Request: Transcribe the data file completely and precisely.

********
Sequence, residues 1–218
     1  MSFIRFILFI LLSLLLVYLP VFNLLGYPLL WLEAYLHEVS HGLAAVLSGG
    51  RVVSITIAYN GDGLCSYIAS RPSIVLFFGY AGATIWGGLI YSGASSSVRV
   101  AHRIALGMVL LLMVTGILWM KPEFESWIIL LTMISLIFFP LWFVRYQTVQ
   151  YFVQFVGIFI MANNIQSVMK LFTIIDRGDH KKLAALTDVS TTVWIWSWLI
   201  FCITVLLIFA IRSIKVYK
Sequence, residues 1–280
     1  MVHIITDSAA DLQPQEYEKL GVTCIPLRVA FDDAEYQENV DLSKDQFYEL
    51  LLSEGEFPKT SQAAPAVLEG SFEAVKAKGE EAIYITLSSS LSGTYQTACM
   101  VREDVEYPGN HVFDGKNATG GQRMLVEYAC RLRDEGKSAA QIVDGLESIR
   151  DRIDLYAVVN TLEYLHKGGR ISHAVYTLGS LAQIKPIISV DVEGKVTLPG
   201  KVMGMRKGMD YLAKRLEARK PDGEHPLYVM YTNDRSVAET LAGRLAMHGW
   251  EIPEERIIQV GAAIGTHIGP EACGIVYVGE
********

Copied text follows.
Sequence, residues 1–218
     1  MSFIRFILFI LLSLLLVYLP VFNLLGYPLL WLEAYLHEVS HGLAAVLSGG
    51  RVVSITIAYN GDGLCSYIAS RPSIVLFFGY AGATIWGGLI YSGASSSVRV
   101  AHRIALGMVL LLMVTGILWM KPEFESWIIL LTMISLIFFP LWFVRYQTVQ
   151  YFVQFVGIFI MANNIQSVMK LFTIIDRGDH KKLAALTDVS TTVWIWSWLI
   201  FCITVLLIFA IRSIKVYK
Sequence, residues 1–280
     1  MVHIITDSAA DLQPQEYEKL GVTCIPLRVA FDDAEYQENV DLSKDQFYEL
    51  LLSEGEFPKT SQAAPAVLEG SFEAVKAKGE EAIYITLSSS LSGTYQTACM
   101  VREDVEYPGN HVFDGKNATG GQRMLVEYAC RLRDEGKSAA QIVDGLESIR
   151  DRIDLYAVVN TLEYLHKGGR ISHAVYTLGS LAQIKPIISV DVEGKVTLPG
   201  KVMGMRKGMD YLAKRLEARK PDGEHPLYVM YTNDRSVAET LAGRLAMHGW
   251  EIPEERIIQV GAAIGTHIGP EACGIVYVGE